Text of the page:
BBC Home
Explore the BBC
BBC News
Launch consoleBBC NEWS CHANNEL
Last Updated: Thursday, 17 January 2008, 11:48 GMT
China cracks down on inside deals
Chinese President Hu Jintao
Mr Hu is keen to clean up corruption to prevent social unrest
China has warned its government officials against profiting from insider trading, the state news agency Xinhua has reported.

Communist Party officials found to be acting on privileged information in stock market or business deals will be punished, the corruption watchdog said.

China has identified government corruption as a major problem.

The corruption drive comes ahead of the Beijing Olympics as China prepares to face mounting international scrutiny.

China's President Hu Jianto has previously warned that corruption threatens the Communist Party's survival.

Anti-corruption drive

China's Central Commission for Discipline Inspection, the country's anti-corruption watchdog, called for improvements to the regulatory framework in place to tackle corruption and malpractice.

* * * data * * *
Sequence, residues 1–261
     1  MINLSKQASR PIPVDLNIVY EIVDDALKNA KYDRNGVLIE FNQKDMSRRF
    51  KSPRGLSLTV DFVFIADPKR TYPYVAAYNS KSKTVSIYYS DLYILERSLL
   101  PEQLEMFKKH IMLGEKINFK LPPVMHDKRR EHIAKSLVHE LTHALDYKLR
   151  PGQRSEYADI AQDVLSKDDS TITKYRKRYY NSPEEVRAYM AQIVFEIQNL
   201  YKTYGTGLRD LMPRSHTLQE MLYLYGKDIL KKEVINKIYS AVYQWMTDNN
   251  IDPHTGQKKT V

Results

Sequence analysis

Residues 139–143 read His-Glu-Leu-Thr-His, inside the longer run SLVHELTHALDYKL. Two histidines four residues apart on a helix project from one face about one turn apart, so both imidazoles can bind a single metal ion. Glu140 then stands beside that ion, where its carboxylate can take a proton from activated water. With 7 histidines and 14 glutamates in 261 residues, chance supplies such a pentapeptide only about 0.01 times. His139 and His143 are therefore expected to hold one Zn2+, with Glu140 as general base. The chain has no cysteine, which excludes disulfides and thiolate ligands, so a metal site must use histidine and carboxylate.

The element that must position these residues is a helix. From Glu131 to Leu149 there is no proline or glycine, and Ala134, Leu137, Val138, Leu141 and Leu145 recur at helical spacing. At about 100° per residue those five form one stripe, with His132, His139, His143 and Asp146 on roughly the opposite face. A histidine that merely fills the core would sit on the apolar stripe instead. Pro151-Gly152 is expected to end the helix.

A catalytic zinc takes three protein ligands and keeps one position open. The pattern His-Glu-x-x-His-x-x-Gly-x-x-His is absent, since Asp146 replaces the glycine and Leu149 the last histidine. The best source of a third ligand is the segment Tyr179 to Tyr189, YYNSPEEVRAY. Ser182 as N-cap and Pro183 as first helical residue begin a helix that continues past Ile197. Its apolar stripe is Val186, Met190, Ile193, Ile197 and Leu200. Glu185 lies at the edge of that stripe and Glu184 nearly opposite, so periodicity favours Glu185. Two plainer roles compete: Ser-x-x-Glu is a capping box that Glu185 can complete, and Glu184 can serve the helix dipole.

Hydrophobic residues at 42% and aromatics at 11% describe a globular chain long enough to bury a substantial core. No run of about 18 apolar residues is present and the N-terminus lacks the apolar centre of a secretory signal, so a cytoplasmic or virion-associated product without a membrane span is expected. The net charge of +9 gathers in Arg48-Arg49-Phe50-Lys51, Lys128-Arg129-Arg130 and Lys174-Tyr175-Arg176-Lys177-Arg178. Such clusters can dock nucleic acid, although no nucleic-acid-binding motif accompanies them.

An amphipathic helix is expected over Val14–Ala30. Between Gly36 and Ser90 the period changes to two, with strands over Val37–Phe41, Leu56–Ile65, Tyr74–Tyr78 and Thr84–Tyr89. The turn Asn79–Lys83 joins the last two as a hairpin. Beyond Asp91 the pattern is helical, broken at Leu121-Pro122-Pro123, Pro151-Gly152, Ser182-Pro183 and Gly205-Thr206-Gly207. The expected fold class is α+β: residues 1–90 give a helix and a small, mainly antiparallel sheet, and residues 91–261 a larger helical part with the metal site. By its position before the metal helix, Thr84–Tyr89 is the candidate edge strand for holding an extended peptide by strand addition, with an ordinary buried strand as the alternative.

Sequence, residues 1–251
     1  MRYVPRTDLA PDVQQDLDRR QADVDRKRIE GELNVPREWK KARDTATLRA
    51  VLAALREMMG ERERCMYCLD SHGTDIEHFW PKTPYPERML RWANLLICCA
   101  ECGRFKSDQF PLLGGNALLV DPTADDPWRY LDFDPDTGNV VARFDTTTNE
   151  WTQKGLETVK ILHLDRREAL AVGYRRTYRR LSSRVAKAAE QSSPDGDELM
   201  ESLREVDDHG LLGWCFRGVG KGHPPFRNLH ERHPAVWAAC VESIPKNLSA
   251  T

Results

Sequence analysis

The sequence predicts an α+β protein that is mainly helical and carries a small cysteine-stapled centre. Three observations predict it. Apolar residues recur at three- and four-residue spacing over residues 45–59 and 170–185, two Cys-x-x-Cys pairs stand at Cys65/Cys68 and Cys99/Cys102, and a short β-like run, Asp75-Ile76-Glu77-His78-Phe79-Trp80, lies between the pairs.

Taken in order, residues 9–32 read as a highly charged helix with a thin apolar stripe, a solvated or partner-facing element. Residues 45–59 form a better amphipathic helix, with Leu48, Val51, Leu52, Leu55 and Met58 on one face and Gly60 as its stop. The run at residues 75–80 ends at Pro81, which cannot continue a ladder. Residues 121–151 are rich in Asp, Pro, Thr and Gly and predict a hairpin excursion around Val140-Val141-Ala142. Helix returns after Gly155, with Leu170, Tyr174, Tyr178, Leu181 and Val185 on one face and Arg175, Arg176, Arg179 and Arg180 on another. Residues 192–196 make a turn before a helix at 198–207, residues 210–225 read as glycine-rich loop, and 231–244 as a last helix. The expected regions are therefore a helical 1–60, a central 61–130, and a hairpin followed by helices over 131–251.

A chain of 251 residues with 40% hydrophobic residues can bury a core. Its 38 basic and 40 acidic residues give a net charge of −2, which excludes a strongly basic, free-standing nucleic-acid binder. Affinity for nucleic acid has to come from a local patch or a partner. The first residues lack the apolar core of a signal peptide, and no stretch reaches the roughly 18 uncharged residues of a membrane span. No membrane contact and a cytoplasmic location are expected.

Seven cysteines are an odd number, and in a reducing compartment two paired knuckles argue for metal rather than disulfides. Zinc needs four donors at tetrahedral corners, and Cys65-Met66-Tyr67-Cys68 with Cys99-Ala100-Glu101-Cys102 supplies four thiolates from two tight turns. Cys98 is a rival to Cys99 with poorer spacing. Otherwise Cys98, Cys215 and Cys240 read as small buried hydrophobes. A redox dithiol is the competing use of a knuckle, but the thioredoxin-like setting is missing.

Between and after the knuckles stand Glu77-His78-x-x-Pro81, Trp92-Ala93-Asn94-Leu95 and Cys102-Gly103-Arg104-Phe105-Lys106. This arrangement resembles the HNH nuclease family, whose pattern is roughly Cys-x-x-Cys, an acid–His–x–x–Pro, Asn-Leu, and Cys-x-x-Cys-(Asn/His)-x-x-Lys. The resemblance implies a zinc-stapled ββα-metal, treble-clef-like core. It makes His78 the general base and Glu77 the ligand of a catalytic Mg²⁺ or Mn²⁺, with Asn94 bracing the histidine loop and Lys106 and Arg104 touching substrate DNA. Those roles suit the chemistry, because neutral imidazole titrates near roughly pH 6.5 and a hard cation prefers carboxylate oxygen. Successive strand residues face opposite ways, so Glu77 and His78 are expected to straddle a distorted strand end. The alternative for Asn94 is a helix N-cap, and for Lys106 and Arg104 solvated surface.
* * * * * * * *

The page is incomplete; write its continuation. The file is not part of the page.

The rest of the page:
According to the Xinhua news agency, it said its efforts would be focused on cases involving prominent officials colluding with business people to benefit from construction bids, land sales and property rights.

In addition, using sensitive information to profit from the stock market would also come under fresh scrutiny.

Wrongdoers could face dismissal as well as punishment under the legal code, the report said, but did not give any specific details.

Some officials have already been caught up in earlier attempts to clamp down on corruption, and in 2006 Shanghai's Communist Party boss, Chen Liangyu, was sacked over misuse of funds.

He now faces a criminal investigation.

Has China's housing bubble burst?
How the world's oldest clove tree defied an empire
Why Royal Ballet principal Sergei Polunin quit


Americas Africa Europe Middle East South Asia Asia Pacific